The Narrative of General Venables: With an Appendix of Papers Relating to the Expedition to the West Indies and the Conquest of Jamaica, 1654-1655, Volume 60

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Longmans, Green, and Company, 1900 - British - 180 pages
 

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Page xxvi - being only bold to do mischief, not to be commanded as soldiers, nor to be kept in any civil order ; being the most profane debauched persons that ever we saw, scorners of religion, indeed men so loose as not to be kept under discipline and so cowardly as not to be made to fight
Page 142 - is the Dunghill wharone England doth cast forth its rubidg : Rodgs and hors and such like peopel are those which are gennerally Broght heare. A rodge in England will hardly make a cheater heare : a Baud brought ouer puts one a demuor comportment, a whore if hansume makes a wife for sume rich
Page 105 - which the natives and others in the Dominions of the said King in America are subiected to and lye vnder by meanes of the Popish and cruell Inquisition and otherwise, from which if it shall please God to make us instrumental! in any measure to deliver them, and
Page 108 - aforesaid shal find necessary. 3. The designe in General is to gain an Interest in that part of the West Indies in the possession of the Spaniard, For the effecting whereof We
Page 3 - That either there was Peace with the Spaniards in the West Indies, or not. If Peace, they had Violated it, and to seek reparation was Just. If we had no Peace, then was there nothing acted against Articles with Spain.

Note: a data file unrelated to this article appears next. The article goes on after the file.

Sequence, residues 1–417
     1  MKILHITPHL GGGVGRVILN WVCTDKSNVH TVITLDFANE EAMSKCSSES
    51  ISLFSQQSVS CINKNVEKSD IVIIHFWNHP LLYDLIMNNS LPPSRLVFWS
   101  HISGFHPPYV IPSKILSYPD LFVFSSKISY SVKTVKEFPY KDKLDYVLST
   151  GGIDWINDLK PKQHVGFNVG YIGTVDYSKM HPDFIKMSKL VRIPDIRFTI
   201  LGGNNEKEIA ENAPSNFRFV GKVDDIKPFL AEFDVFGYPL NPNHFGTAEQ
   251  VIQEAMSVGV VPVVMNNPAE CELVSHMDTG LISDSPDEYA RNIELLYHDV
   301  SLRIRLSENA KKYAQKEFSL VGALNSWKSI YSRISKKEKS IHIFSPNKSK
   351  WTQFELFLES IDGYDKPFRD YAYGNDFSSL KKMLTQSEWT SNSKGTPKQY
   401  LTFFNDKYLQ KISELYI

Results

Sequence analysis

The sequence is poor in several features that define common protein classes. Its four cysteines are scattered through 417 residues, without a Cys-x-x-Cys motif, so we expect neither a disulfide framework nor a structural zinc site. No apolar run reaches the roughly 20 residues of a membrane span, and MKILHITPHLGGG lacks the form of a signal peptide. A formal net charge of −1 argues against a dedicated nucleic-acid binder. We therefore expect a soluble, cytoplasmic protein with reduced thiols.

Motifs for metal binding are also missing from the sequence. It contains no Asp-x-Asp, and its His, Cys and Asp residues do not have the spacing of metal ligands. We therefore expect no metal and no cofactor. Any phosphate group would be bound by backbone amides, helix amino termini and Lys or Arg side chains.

Page 103 - murdered diverse of Our people there, taken away their possessions, and doth exercise Ťall Acts of hostility against them as open enemies, and hath seuerall other waies given iust cause to this State to take and prosecute the aforesaid Resolucions. And reposing trust and confidence in your prudence,
Page 142 - 30 more or les about 4 or 5 years ould : they sele them from one to the other as we doue shepe. This Illand is the Dunghill wharone England doth cast forth its rubidg : Rodgs and hors and such like peopel are those which are gennerally Broght heare. A rodge in England will hardly make a cheater heare : a Baud brought
Page viii - Either there was Peace with the Spaniards in the West Indies, or not. If Peace, they had violated it, and to seek reparation was just. If we had no Peace, then there was nothing acted against Articles with Spain
Page xix - an honest man, so it hath a very good savour here with all good Christians and all true Englishmen, and will not be forgotten by me, as opportunitie shall serve
Page 12 - their Pillage of Sancto Domingo. The Officers being in Arrears, and many of them coming in hopes of Pillage into a country where they conceiv'd Gold as plentiful as Stones, demanded three Months. I with entreaty drew them to accept of Six weeks Pay,